Like many workplaces around the world, productivity in the offices of the Death with Dignity National Center plummeted earlier this week, as our employees were engaged in the news coverage of the selection of the new pope. The selection and revealing of the new pontiff were the general topics of conversation throughout the day, and our work time together concluded with an energetic round of conclave trivia.
Interesting, I thought, for an organization whose main detractor is the Catholic Church; interesting for an organization whose main program over the past four years was derailed at the last minute by a spending spree by the Catholic Church and Catholic entities. Why were we captivated by the activities of those responsible for stamping out the reforms we’re trying so hard to achieve?
For me, the primary attraction was the ceremony and ritual of it all. Our society is nearly bereft of all ritual. Weddings and baby showers feel commercially-driven; funerals don’t have a ceremonial feel, even though they’re an important ritual for families. There are Quinceañeras and Confirmations and Bar Mitzvahs, all rituals, yes, but none with the pomp and circumstance of electing a new pope. Our presidential inauguration doesn’t even rise to the occasion—there are no red shoes, smoke, tiaras, mitres, chairs, seals, rings, cassocks, nor pectoral crosses.
Setting aside the regalia, I’m the first person to emphasize all the historic good work of the Roman Catholic Church—good work in feeding the hungry, of sheltering the homeless, of taking care of the sick. Yet, it seems this grand institution has gone wrong, and not the slightly-off-track wrong, but the completely derailed type of wrong which makes me question whether or not the Church should survive.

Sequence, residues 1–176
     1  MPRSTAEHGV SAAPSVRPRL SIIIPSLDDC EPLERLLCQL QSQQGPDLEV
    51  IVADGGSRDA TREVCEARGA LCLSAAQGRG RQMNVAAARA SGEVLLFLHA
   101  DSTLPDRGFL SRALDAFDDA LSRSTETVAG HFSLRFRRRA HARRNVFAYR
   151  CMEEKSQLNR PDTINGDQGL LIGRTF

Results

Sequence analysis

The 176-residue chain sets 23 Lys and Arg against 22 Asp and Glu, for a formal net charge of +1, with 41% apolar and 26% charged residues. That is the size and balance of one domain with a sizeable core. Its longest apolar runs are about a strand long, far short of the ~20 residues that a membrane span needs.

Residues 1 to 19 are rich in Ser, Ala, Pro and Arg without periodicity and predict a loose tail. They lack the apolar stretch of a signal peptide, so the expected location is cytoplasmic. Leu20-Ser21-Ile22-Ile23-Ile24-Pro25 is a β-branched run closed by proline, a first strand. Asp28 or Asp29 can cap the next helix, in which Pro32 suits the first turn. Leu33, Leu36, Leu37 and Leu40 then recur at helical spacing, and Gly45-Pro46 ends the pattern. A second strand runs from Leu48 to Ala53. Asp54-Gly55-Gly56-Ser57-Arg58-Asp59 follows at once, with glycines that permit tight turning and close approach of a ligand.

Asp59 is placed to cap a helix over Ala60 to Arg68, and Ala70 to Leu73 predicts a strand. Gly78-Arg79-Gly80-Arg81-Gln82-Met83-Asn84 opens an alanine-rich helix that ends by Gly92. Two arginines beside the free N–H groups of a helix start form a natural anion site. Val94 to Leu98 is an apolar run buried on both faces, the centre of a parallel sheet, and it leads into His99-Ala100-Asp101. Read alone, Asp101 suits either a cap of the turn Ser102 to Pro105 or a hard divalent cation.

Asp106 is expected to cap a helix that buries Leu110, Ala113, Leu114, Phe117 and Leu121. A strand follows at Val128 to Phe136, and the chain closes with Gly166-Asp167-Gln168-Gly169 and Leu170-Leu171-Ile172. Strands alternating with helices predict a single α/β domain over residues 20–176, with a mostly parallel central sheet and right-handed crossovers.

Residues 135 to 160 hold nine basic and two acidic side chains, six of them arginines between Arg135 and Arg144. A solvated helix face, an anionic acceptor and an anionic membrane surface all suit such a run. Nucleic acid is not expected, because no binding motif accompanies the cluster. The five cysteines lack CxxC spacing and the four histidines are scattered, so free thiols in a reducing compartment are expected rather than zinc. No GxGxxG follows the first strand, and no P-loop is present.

This is the space where my wonderment at all the trappings becomes more murky: how could those 117 men in the conclave take vows of poverty and chastity, committing their lives to caring for the most vulnerable members of society, while at the same time, using their power and prestige to launch a decades-long cover-up of one of the most troubling sex abuse scandals in history? How could the cardinals hide behind their gold crosses and their over-sized religious tomes, knowing they used their power to let down the faithful cheering for their newly-chosen pontiff?
As conversations about Pope Francis progressed among my friends, in the media, and in social media outlets, there was a sense of hope and an undercurrent of concern. Hope that the new pope would be more concerned about the poor, would be more open to the plight of those who are suffering; concern that nothing would change. The main question was whether or not the Church would remain inwardly focused on managing scandal rather than outwardly focused on the living conditions and well-being of individuals within the flock.
So, how does this relate to Death with Dignity? I’m not so naïve as to call for the Church, under new leadership, to change its position on assisted dying. However, I do hope this new pope will refocus the workings of the Church to the people within his own Church—those suffering and those in need. At the same time, it’s my hope that in refocusing on their own people, concerns, and activities, they’ll cease to expend precious resources on fighting end-of-life care reforms sought by individuals outside of their inner sanctum.
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